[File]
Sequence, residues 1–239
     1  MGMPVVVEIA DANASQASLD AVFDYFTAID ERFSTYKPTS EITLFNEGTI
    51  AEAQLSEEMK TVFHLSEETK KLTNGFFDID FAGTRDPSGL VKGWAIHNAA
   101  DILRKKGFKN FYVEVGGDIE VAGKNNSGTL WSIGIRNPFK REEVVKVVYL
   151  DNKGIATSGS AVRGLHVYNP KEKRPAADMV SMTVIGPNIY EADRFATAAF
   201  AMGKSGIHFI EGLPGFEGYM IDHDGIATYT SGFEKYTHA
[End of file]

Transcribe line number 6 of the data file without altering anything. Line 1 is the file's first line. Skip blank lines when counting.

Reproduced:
   201  AMGKSGIHFI EGLPGFEGYM IDHDGIATYT SGFEKYTHA